“They have been talking about making it for years,” said Marsden, who’s reprising his role of Prince Edward. “I got my hopes up many times before and recently I was like, ‘Sure, sure, they’re going to make it.’ And last year they said, ‘We are actually doing this,’ and they sent songs, and I am like, ‘OK, this is actually real.'”
“Alan Menken and Stephen Schwartz did all of the music again, and Amy Adams [is] playing her great role as Princess Giselle,” he added. “It was a lot of fun getting back and working with Idina [Menzel] and getting the pipes back to working properly and the singing stuff.”
Crayen interview ,videoComments Off on James Marsden Reveals He Turned Down Magic Mike Role Over This Fear
James Marsden in Magic Mike? Apparently, it almost happened.
During the Tuesday, Jan. 5 episode of The Late Late Show with James Corden, The Notebook star shared the real reason why he passed on the stripper-themed movie.
“I had fear I would be edited out of the movie,” the actor confessed. “Just all my lines would be cut out and I’d be an extra just rushing around in a g-string so I think it was a lack of courage on my part.”
Crayen interview ,videoComments Off on The Stand: James Marsden on the “Tricky” Responsibility of Taking on the Role of Stu Redman
For Stephen King fans, CBS All Access’ new limited series The Stand has big shoes to fill. Not only is the book beloved by readers as well as critically acclaimed — and even comes in two versions, the original 1978 version and an unabridged edition published in 1990 — but the novel was previously adapted into a well-received miniseries in 1994 that featured a cast of more than 125 speaking roles along with performances by Gary Sinise, Molly Ringwald, Rob Lowe, Jamey Sheridan, Laura San Giacomo, Ed Harris, and many more. And when it comes to those performances, Sinise’s Stu Redman was especially stand out, even earning the actor a Screen Actors Guild Award nomination. For James Marsden, who takes on the Stu Redman role in this new series, it was important to do right by not only Sinise’s work, but King’s novel as well.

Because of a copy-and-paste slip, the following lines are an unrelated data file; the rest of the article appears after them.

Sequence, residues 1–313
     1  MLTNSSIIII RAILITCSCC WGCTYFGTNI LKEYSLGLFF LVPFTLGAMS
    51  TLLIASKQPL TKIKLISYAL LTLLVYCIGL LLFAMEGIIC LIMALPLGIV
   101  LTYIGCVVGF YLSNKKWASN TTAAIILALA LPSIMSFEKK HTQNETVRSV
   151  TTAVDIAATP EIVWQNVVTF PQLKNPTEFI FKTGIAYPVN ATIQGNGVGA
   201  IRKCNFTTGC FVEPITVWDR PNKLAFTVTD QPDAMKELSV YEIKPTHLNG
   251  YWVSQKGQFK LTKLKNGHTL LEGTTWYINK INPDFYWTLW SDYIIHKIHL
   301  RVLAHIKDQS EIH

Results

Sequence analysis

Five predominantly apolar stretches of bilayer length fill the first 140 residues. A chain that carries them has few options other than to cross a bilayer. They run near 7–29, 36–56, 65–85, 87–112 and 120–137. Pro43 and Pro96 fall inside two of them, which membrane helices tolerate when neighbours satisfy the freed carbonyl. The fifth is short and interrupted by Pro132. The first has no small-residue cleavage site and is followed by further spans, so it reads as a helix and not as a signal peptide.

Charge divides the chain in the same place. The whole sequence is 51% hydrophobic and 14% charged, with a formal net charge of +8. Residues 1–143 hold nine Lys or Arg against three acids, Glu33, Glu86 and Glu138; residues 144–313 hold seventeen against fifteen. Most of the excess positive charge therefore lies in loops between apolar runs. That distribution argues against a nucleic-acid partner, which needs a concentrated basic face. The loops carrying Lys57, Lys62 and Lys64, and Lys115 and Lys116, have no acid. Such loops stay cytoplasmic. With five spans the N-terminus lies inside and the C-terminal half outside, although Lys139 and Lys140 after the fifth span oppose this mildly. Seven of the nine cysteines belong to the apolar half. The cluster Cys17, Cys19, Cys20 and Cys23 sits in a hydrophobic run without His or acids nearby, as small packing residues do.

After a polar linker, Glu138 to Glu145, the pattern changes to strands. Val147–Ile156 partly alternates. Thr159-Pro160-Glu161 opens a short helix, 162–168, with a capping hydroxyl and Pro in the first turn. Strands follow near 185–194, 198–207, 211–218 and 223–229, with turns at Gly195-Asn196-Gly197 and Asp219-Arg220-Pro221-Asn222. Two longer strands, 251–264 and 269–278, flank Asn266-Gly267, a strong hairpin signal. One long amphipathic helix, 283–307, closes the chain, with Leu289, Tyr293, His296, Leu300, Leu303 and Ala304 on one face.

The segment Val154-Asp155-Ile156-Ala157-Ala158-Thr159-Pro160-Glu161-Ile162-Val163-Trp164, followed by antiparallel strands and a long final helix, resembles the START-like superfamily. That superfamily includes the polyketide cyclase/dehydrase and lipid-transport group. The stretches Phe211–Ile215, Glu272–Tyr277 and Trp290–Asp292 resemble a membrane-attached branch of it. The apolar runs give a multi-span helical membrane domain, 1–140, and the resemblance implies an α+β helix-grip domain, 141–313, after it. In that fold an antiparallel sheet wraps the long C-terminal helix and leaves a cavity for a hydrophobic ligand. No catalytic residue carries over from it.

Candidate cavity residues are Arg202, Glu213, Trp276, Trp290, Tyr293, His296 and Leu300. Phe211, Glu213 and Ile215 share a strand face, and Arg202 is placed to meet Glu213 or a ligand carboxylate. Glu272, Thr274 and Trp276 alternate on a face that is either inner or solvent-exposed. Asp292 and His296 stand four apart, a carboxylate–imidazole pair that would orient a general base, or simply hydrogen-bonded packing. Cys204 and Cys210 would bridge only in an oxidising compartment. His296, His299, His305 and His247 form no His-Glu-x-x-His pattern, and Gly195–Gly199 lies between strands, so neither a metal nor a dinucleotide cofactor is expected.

Speaking with ComicBook.com, Marsden said that stepping into the role was “tricky” but that this new series is telling the story for a new generation.
“Gary kind of knocked it out of the park with that, in the miniseries, and Mick Garris [director of the 1994 miniseries] did a great job with it, with much less time, right? They had just a few hours and we have nine. But it’s always tricky stepping into the shoes of someone else who’s done a really incredible job with the trail,” Marsden said. “I think that said, we’ve not updated it but we’re retelling this story for a new generation and a new audience. It’s just another interpretation of the book and so, obviously, I want to right by the character in the book and by Stephen King and Gary Sinise, everyone who’s been a part of an iteration of this in the past.”